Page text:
One of the strangest things is how they have gotten pictures of this guy throughout his school years, year after year, looking like any normal middle-class suburban kid who had no idea he was going to grow up to go to prison and look like Uncle Fester.

You get very wrapped up in yourself as you come out of being a teenager, when you are that age it is actually pretty disturbing, you see yourself metamorphosing into an adult, and you have no control over that and it is nothing like what you thought you'd be. And this happens to everyone. It is difficult, not sure how that can be made easier.

It is disheartening, don't want to talk about it anymore., I'll just say this: it is never as bad as it seems, and there are parts that are very beautiful. This was a very bad post, sorry, just more babble.

civilization and being human and being animal

I'm thinking that the quality of a civilization is evaluated by the one experiencing the civilization.

However, from civilization to civilization, peopla in the ruling classes of the various civilizations tended to experience the best that the civilization had to offer, and so we might say that if in civilization "A" the people in a 'lesser' class that is not the ruling class experience somethihg better than the ruling class of civilization "B", then civilization "A" is better. So it is significant "progress", when people who are considered less important in the scheme of a civilization are better off than even the most important people in the civilization before them.

There are questions, I guess, about how much is enough. For example, we are concerned with all kinds of interactions between what has to happen to make the "stuff" we have and the environment. This sort of thought was never an issue when the places that ended up being Superfund sites were used to make stuff. Our ignorance was bliss indeed in those times.

But now "having it better" still means having it faster, brighter, more complex, louder, broader, slicker, cooler and more stimulating but also cleaner and less harmful to the environment. This is good, it broadens the scope of "better", raises the bar.

There is also living longer. Living longer, getting older, living more of your life as an old person. "Old" has to do with animalness more than humanness: for female animals, if you are old enough to reproduce this makes you an adult and if you are too old to reproduce you are old indeed.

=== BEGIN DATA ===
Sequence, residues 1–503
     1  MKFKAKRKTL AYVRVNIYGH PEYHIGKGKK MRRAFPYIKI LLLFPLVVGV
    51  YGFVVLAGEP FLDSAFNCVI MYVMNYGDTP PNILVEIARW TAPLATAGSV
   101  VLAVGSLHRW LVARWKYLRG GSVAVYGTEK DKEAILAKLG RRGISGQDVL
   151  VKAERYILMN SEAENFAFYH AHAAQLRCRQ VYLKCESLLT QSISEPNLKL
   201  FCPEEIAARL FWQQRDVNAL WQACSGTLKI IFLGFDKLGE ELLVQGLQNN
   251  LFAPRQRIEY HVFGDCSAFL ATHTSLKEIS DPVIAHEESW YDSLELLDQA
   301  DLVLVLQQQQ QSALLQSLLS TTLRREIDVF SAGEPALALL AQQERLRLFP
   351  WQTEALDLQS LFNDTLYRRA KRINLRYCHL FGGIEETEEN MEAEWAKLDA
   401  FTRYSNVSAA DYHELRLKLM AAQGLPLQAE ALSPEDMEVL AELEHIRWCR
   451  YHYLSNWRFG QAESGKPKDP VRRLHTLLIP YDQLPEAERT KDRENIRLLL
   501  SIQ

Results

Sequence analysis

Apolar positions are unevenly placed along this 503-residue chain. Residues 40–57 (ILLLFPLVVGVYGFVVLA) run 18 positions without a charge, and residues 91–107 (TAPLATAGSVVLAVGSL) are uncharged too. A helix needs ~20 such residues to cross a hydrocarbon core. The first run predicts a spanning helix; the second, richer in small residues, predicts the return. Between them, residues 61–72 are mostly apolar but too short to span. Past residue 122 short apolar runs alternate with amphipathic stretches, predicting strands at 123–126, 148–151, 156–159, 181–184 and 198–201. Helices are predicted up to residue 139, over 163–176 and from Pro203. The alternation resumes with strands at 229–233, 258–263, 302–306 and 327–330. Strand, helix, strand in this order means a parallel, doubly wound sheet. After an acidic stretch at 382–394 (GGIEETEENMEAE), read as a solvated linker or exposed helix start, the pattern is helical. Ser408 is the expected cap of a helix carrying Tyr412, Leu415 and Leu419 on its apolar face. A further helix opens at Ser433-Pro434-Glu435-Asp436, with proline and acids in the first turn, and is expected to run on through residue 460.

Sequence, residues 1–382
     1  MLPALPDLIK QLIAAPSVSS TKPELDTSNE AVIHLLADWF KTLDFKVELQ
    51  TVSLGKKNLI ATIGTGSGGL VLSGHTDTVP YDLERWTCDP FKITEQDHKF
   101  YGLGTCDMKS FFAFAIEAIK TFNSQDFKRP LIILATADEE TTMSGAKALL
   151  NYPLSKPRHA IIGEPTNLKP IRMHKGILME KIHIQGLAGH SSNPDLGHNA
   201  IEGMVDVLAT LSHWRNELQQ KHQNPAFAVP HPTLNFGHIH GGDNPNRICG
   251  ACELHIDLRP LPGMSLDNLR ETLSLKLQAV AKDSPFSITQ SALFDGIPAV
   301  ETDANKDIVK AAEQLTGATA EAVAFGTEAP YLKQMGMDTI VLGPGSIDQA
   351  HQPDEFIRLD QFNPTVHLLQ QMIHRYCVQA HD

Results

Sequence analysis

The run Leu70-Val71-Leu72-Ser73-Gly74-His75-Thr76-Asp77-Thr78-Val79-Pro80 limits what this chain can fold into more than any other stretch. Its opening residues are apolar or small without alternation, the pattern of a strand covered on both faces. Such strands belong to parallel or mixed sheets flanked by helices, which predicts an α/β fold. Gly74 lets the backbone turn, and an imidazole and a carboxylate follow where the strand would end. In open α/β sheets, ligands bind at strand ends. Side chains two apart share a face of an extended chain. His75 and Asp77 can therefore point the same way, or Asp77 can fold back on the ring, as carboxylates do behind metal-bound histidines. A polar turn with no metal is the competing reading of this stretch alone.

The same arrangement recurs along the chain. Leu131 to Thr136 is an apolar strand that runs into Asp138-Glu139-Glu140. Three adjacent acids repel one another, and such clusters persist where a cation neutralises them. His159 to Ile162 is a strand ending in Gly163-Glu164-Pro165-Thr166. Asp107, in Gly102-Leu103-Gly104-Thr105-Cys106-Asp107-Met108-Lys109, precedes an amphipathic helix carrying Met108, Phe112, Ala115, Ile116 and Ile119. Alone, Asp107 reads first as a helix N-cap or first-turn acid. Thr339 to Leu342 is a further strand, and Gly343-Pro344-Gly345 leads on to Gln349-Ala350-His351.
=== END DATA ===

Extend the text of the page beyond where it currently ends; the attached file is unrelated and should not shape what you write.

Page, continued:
This is not the case in the realm of humans-- being able to reproduce can occur well before being what civilization considers an adult. But, male or female you are considered "older" if you are as old as a female who is of the age where females are in menopause. This is typically considered to be "in their forties" but of course it can be later.

A few current civilizations recognize that the male will able to reproduce throughout his life, and make allowances for multiple, concurrent wives so the male can have more children. That is less typical among modern civilizations, and even in those where it is an option it can be hindered by the expense and the complexity of it.

One of the reasons I'm thinking about this is because as a male, getting older, it seems apparent that older males have more going for them than when they were younger. Better off financially, less inclined to reckless behavior, more informed through study and experience, more independent and self-sustaining-- all of this and still able to reproduce Measured by civilization's standards, then, it would seem that the older male is more valuable.

But the signals that civilization gives off are just the opposite. Younger, reckless, ill-informed men (and women) are all the rage.

Isn't that kind of interesting? You see all these nature shows where animals generally prefer to mate with the males that have proved their worth to the herd/pack/pride whatever.

It seems like that makes sense, that the proven specimens are those whose traits you want to preserve in the species for the continued improvement thereof. But we are informed quite differently by our civilization, to the point where I'd be puzzled and a bit disturbed if a younger, attractive woman would prefer me to some poor, dumb guy that resembles one of the various famous Justins.

Now is this because we manipulate the messages, the signals, that civilization produces? The advertisements, the music, the movies and TV, all of that, that conditions us towards our preferences in mates? If it is, then why is that message being sent?

I'm not saying that alpha specimens should have perpetually fertile harems in some sort of eugenic utopia-- although that certainly seemed to be the goal of several prior civilizations.

I'm also a romantic at heart, and don't have a problem that the message is clearly that we should "mix it up" and never feel constrained to the road more travelled.

Would it be better if the male were to be mated until his children reach self-sufficiency, and then having proven that his offspring can advance to that stage, he finds another younger mate and repeats the process? Theoretically speaking, of course, because I think it's pretty clear that males don't mate in order to have children. But then that means more older males competing with younger males for the same women, which raises societal tension. So it is probably good that males aren't wired that way. Males have children because of societal indicators and pressures, not because they think it is the greatest idea ever and they feel they just have to.

And then there is that. Lots of people never mate, lots of people mate but never have children and they are fine with that. Some people have children and have to give them away. Some people can't have children even if they want to. More and more people are mating and having as few children as possible.

I think that is all ok, but also a little worried about the people who are having as many children as they can but are unable to feed them. It devalues children across the board, it devalues humans, and makes them more like animals.